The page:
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News / Sterritt Spotlight on Goldsmith

Sterritt-Lehigh Spotlight on Goldsmith 
The following article is from the Starrett Spotlight in March 2015...
There’s an art and science behind how clothing is presented in stores – we decided to consult an expert!

Goldsmith is the oldest mannequin company in the U.S., est. 1927. Its sister companies also produce mannequins, but Goldsmith is one of the largest. As an international company, many of Goldsmith’s clients are also international. With The Starrett-Lehigh Building housing the majority of the New York City fashion industry, Goldsmith is right at home surrounded by creative minds and fashion connoisseurs everyday. Goldsmith is a backbone for a portion of the fashion industry, specializing in researching trends for next season’s new looks. When not taking part in major meetings like the National Visual Merchandising Week and the Retail Design Collective, Goldsmith may be holding cocktail parties and large dinners in their space at Starrett-Lehigh. Last year the mannequin leader did a 100 person sit-down dinner for the visual merchandising department of a major retailor for its national pre-holiday meeting!

Starrett-Lehigh sat down with Goldsmith President & Creative Director Dan Evans to find out more about this pioneer amongst the mannequin world. Check out the below interview for insight on the fashion industry from whole new perspective:

Q: How did Goldsmith come to be at Starrett-Lehigh?

A: It’ll be 10 years Goldsmith has been at Starrett-Lehigh come the end of 2015. I originally had two other businesses at Starrett prior to the start of Goldsmith – both were also in the visual merchandising industry. I was here when Starrett went from being an industrial location to a more creative and fashion-focused building. There’s been lots of transformation. I remember when there were no regular elevators; the only elevators were the manual freight elevators. At my first parties here we had to use the truck elevators and move people in batches of 60-70 at a time. The neighborhood at that time was quite shady and my industry thought I was insane moving to the west side since the rest of the industry is on 25th street between 6th and 7th avenue. But our clients like the creative spaces – it’s why we’re here.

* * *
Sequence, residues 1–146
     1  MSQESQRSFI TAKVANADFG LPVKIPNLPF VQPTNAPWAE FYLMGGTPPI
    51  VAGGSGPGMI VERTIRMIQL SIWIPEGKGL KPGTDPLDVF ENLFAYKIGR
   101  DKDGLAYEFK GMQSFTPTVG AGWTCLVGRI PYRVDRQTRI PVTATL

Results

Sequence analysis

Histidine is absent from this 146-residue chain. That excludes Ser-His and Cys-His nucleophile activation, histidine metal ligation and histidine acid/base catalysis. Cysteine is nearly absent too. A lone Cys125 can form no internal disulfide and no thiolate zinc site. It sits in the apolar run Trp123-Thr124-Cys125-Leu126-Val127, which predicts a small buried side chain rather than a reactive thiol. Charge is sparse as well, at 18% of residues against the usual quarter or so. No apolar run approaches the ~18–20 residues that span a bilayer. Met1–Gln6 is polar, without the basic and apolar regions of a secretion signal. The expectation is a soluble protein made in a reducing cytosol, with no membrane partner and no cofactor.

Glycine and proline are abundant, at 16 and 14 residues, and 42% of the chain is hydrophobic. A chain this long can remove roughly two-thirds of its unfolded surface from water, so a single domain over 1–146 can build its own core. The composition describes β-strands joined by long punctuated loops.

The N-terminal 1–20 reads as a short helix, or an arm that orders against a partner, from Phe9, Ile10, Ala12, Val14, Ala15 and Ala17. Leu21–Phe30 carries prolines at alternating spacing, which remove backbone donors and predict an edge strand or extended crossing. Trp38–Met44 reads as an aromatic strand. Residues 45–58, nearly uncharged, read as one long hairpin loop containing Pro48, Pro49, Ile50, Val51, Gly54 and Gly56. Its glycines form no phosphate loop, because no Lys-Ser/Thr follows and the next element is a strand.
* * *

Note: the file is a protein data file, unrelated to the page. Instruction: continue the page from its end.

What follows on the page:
Q: Where could we find some of your mannequins?

A: You can find Goldsmith products in almost every major retailor, particularly Macy’s, Nordstorm, Saks Fifth Avenue, Barneys, and Bloomingdales. We work with a lot of specialty stores like H&M, Forever21, and Ralph Lauren Polo Kids. Goldsmith has done lots of special programs for shows over the years; fashion shows and events, some of them even being Starrett-Lehigh tenants who reach out and ask for help.
Q: Can you tell me a little more about your design process?

A: Our design process is really sort of old school. Our mannequins are hand crafted. We customize our work by selecting our models based on our current direction needs or our clients’ needs. Our mannequins are based on real people or marketing campaigns of companies. After models are chosen, we go to photo shoots to determine poses and the number of bodies needed. Then, traditionally, we move into the sculpting phases. Goldsmith has sculptors throughout the US. We have some sculptors who focus on women, others on children, etc.